Performance evaluation of HVAC strategies for low-energy building retrofit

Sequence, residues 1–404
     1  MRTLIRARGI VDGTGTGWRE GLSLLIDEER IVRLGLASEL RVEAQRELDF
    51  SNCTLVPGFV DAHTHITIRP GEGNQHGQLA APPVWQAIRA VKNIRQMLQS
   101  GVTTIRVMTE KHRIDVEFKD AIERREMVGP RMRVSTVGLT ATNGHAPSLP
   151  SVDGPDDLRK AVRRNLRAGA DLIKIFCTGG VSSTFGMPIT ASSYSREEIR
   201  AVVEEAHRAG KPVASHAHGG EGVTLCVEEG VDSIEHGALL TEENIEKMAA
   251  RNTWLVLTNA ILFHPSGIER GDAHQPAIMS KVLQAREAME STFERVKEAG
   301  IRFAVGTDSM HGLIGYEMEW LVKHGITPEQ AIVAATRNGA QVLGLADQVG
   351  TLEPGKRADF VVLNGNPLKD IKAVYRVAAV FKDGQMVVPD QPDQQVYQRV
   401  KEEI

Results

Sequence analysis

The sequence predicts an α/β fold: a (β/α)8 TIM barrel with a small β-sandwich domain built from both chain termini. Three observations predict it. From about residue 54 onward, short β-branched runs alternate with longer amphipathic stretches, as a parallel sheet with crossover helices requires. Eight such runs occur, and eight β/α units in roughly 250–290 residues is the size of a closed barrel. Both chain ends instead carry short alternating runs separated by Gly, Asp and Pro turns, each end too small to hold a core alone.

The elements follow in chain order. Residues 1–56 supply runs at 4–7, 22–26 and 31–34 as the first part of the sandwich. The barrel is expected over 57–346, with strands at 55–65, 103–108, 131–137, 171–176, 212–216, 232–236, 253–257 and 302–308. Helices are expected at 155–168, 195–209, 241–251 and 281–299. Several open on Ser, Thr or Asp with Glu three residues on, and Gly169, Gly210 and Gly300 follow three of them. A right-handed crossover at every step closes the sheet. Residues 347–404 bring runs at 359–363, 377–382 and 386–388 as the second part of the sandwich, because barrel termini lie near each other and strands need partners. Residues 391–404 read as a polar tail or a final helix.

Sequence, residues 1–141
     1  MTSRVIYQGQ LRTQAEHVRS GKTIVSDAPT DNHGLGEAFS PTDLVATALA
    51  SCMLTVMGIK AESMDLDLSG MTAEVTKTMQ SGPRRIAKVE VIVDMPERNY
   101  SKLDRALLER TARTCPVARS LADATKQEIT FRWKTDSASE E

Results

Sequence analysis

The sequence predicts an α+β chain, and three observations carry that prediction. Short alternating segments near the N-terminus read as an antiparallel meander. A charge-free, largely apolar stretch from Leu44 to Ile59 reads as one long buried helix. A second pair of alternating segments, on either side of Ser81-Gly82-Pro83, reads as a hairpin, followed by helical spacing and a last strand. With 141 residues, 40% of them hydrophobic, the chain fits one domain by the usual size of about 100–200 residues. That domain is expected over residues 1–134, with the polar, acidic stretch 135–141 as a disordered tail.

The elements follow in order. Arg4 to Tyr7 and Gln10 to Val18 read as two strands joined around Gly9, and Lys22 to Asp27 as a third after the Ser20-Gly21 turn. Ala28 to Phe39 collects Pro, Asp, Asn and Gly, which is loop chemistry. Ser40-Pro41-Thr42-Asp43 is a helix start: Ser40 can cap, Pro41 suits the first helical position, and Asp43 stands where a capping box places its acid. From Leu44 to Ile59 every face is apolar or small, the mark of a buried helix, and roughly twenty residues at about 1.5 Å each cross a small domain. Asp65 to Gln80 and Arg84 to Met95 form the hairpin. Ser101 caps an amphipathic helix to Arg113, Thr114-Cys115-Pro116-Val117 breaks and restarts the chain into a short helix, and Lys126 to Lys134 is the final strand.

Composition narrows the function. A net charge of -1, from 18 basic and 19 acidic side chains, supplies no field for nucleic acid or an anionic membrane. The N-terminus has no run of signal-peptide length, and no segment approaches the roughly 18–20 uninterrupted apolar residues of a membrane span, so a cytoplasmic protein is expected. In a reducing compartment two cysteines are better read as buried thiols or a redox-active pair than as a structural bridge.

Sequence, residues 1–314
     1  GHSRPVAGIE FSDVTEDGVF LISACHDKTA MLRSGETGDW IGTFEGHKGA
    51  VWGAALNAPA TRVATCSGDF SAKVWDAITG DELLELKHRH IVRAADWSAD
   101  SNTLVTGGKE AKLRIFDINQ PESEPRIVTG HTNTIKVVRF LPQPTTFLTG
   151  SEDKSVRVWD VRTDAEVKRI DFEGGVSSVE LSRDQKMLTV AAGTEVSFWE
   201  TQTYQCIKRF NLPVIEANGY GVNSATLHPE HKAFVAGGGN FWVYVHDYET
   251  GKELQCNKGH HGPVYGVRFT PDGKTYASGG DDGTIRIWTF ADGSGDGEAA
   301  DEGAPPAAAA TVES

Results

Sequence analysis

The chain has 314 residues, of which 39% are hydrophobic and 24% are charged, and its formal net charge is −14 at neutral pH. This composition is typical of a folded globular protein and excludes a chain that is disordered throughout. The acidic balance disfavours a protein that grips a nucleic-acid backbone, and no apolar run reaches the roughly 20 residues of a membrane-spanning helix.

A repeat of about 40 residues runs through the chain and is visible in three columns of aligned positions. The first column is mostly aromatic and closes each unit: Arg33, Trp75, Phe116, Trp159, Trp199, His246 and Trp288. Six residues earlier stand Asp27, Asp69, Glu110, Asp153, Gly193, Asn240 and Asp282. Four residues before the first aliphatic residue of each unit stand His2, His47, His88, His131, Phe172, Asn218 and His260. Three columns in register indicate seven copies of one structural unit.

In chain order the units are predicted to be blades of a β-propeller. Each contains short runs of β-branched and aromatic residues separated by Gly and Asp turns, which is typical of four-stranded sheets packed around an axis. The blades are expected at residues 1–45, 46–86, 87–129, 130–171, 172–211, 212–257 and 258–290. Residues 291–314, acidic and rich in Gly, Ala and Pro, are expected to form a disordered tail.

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The work in this thesis is done to evaluate four different questions. A literature survey in addition to three case studies are first used to determine the challenges of HVAC systems in buildings renovated to low-energy buildings and the development trend in the market. The literature and case studies showed that client expectations and budget, policies and regulations, everything working as a whole, and a high level of occupant control were all challenges and important factors affecting the success of a construction project. The three case studies had various systems installed, including ground source heat pumps, air-to-water heat pumps, heat recovery in air handling units and solar screens to name a few. The choice of these, however, depended on the building characteristics and its environment. The second part of the thesis evaluates firstly whether the HVAC systems in a school building, Stasjonsfjellet Skole, is able to achieve a satisfactory indoor climate, as well as whether the focus on reducing the energy use in the building has an adverse effect on the indoor climate. Through IDA ICE simulations of the building, in addition to a user survey, the HVAC systems were concluded to provide a somewhat sufficiently satisfactory indoor climate in the parts of the building, but not for every zone. Some of the zones had very high temperatures, daylighting levels and PPD levels. Furthermore, the users complained that the temperature in the building in general was too low. Although this was not consistent with temperature results from IDA ICE, the simulations showed a low RH level in the colder months of the year, which may cause discomfort for occupants even at moderate temperatures (Novakovic, et al., 2007). Furthermore, the generalization of the standards and regulations was concluded to result in the building having variable indoor climate levels from room to room, indicating that the generalized values are not adapted for the different requirements of the different rooms. I addition to the conclusions the indoor climate is not completely satisfactory in the building, the focus on reducing the energy use was concluded to have an adverse effect on the indoor temperature. Although there had been improvements to the indoor environment in the building, the lack of cooling caused the building to be too warm in the summer months. Also, given that the temperature was too low for the users due to the low RH levels and varying between the zones, showed that demand control of the HVAC systems to save energy may have an adverse effect on the user comfort. Lastly, the results and conclusions from the different case studies were evaluated as to whether they could be extended to other buildings. Although all buildings are different, similar school buildings may show similar results when the same systems are installed. Furthermore, the results and conclusions concerning the office buildings may be applied to other buildings as they are highly general. Although the solutions chosen will vary from building to building, the expectations and budget of the client, standards and regulations, optimally interacting systems and a high level of occupant control will all be difficulties and important factors for any construction project, whether it is a retrofitted or new one. Also, the conclusions concerning the generalization of standards and regulations and a need for shading and cooling, although dependent on building characteristics, will be applicable to any building.